Lourd de Veyra: Taxi Drivers From Hell
Our SPOT.ph blogger on "the symbol of the total breakdown of social institutions and all that is good and decent in man."
This is the ironclad rule of life: in that moment when you desperately, piss-in-your-pants need a cab, you'll never get one. When you don't, they're all meekly parading in front of you.
Between the hours of 10 a.m. to 8 p.m. they're the most horrible creatures on the face of the earth–foul, scheming, thieving, sniveling, snarling bastards whose asses you just want to backhoe. There are times when the taxi driver becomes the symbol of the total breakdown of social institutions and the spirit of decorum and all that is good and decent in man.
I know, I'll get bleeding-heart comments like, "No. You don't understand them. They're only like that because they need the money." To which I reply in advance with two unprintable words that start with the letters 'F' and 'Y.' I need money, too, you know. But I don't go around dicking people around.
The following are some of the major cabbie classifications:
Like beasts of prey, they'll pounce on you when you're desperate and helpless–i.e laden with 10 shopping bags and a big-ass pizza box. And it's raining. Sonofabitch will charge P400 for a ride that costs only P60. There is a wonderful place in hell reserved for these lovable creatures.
"Traffic, eh" can be the most infuriating excuse you'll ever hear. Tell me, which part of Metro Manila doesn't have traffic? It's about as common to this godforsaken city as bad air and Willie Revillame songs. Edsa is slow and heavy? Stop the freakin' presses!
Plus, there are times when it's implicit that they get to keep a 10-peso change as tip. But my friends, these are equally tough times for all of us. Bastards don't even have the courtesy to say thank you.
And be wary of the "batingting"– that small device hidden somewhere under the driver's seat which, when pressed, jacks up your meter.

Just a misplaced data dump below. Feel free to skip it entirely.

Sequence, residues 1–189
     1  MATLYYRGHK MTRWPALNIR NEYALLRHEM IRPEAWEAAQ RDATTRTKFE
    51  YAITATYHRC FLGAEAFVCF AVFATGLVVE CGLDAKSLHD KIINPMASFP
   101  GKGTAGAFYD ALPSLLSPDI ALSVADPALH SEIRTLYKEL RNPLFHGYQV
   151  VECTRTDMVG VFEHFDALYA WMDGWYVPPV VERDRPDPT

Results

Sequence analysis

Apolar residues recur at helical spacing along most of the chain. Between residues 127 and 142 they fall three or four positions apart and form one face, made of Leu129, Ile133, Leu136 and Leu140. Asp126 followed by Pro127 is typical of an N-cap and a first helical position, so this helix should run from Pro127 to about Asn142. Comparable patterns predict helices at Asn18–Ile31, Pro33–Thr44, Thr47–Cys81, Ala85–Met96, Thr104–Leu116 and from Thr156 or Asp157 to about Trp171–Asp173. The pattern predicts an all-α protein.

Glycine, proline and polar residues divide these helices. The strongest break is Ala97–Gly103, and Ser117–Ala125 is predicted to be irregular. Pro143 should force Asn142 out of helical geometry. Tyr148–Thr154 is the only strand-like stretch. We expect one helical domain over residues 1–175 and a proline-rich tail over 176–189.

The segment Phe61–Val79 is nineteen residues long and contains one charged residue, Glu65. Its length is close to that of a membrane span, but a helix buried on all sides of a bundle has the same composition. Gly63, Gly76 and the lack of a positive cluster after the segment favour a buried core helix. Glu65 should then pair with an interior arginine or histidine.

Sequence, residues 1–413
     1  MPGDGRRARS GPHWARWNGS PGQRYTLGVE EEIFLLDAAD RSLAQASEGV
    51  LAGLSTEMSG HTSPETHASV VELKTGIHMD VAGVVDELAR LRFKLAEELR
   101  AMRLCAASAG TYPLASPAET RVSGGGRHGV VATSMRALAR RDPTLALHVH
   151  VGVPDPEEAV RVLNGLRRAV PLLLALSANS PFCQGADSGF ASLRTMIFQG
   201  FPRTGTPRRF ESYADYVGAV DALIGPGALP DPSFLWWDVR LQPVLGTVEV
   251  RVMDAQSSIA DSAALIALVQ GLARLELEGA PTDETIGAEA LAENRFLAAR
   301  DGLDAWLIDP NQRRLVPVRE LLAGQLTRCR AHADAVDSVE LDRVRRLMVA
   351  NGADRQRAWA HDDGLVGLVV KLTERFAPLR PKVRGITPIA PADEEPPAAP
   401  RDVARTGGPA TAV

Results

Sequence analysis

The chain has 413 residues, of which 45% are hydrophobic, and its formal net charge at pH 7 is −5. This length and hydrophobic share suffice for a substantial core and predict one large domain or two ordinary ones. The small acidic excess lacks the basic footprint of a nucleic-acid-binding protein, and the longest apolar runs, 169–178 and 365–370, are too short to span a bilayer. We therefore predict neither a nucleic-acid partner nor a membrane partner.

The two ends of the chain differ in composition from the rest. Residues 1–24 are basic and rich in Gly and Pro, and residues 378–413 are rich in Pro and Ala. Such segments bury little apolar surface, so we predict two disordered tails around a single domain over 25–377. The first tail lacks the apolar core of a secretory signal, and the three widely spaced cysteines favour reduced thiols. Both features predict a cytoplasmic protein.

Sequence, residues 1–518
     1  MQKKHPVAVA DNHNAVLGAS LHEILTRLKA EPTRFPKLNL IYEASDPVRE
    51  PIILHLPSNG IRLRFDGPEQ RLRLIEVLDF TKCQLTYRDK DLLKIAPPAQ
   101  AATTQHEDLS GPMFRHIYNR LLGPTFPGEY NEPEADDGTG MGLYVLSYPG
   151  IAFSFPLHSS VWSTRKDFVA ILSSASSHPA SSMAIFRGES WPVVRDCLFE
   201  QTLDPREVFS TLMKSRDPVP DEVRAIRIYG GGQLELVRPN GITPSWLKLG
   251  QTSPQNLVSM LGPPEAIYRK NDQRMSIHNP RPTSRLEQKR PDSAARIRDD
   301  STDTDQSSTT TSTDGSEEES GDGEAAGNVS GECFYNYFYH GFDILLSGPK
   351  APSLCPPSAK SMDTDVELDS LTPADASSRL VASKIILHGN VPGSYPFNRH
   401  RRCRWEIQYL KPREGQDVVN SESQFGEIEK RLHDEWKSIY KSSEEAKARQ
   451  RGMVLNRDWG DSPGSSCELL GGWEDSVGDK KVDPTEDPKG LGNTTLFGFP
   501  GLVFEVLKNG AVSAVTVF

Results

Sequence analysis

He has opinions on everything, from Manny Pacquiao to politics to religion to quantum physics. Which is fine, because the cabbie is the contemporary embodiment of the kwentong barbero. This type is someone I can deal with, because oftentimes he can be a social barometer of sorts. But there are times when you just want to rest or catch a nap or read while plodding through a traffic jam of Biblical proportions. Most talking cabbies are sensitive enough to sense that you're in no mood for chitchat. But there are those who just won't shut up, even if you pretend to be snoring already. It's either they're desperate and De Niro-ish lonely ("You talkin' to me? Well, I'm the only one here"). Or just on meth.
"Pakituro na lang po kung saan yun," are some of the truly scariest words you'll ever hear when riding a cab. What if you know shit about directions to Pritil or Isla Putingbato? Uhm, aren't these drivers supposed to have basic training in urban geography? Oops, sorry, I forgot. This is the Philippines where clinically certified morons, drug addicts, and even blind people are issued driving licenses. Apparently, all you ever need to become a cabbie here is a license. I know it's too much to ask, but at least all franchise holders should provide for their drivers some training in city navigation as well as basic manners. I mean, how hard is it to buy a Metro Manila map and study it? Don't you think familiarity with possible alternate routes might at least lighten the traffic on the major thoroughfares?